The 99% Rally for a Constitutional Convention
The non-electoral methods of the Occupy Wall Street movement are energizing millions who have been alienated for a long time from the two-party system of sham that the 1% controls.
Some reformers, most likely in support of the Occupy movement, are proposing an amendment to overturn the Citizens United Supreme Court ruling in 2010 that empowers corporations to unfairly influence political campaigns with their large financial donations.
But even if Citizens United was overturned, how many years would it take to make it happen, and would it make that much difference, considering all the other major democratic reforms needed? I say no.
A more effective strategy would be a Twenty-Eighth Amendment proposal for a national Constitutional Convention whose delegates are elected through Proportional Representation. Here is how the proposal could read:
Proposal for a Twenty-Eighth Amendment: How to Have a Constitutional Convention
Every four years when Americans vote for a president, they can vote for or against having a Constitutional Convention. If 51% or more of the voters say yes, then 100 delegates, chosen through proportional representation, will be sent to the convention to create a new constitution that abolishes the previous government. The process will take approximately 23 months.
If at presidential election time, the American people decide they want a constitutional convention, then they will have almost 5 months, from November through April, to officially register with a national political party. Websites such as www.politics1.com describe all the known national political parties. Then during the month of May, no switches can be made as the official count is reported by the newly established National Election Committee whose 7 executive directors will represent the top seven political parties.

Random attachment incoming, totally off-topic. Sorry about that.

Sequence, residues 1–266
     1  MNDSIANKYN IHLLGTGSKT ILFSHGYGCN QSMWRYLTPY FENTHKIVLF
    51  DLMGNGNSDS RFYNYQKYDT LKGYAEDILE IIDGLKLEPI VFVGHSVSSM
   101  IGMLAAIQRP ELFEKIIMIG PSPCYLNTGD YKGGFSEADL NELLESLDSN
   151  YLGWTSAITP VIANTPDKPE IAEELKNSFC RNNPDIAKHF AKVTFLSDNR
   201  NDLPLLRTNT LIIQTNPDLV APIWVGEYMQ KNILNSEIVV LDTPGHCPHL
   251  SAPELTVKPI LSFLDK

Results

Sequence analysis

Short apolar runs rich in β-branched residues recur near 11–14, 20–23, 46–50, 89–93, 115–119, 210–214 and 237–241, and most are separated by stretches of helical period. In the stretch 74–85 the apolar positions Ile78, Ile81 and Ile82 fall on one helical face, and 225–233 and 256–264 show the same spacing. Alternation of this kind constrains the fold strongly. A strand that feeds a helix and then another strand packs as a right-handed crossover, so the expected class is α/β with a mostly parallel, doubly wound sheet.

Any national political party that represents at least 1% of the nation’s eligible voters will participate in the national public debates, held from June through August. Then from September through December, the representatives from top seven political parties, as determined four months earlier in May, will share their party platforms and proposed constitutions in writing, and they will engage in speeches and debates.
Then during the second week of January, each voter will choose just one of the top seven national political parties, if he or she wants his or her vote to count, even if the voter is officially registered in a party that is not one of the top seven political parties.
Let us pretend for pedagogical purposes that the 100 delegates from the top 7 national political parties will consist of the following percentages: Republican Party 20%, Democratic Party 20%, Libertarian Party 15%, Green Party 15%, Constitution Party 15%, Socialist Party 10%, and Communist Party 5%.
On March 1, the Constitutional Convention delegates will meet at the Capitol building in Washington D.C. The delegates will work from March through May to create a new constitution which at least 51% of the delegates approve. To pick one delegate to be the chairman of the convention, the attending delegates will use Instant Runoff Voting to choose among seven candidates (each party will choose one of its delegates to be the potential chairman).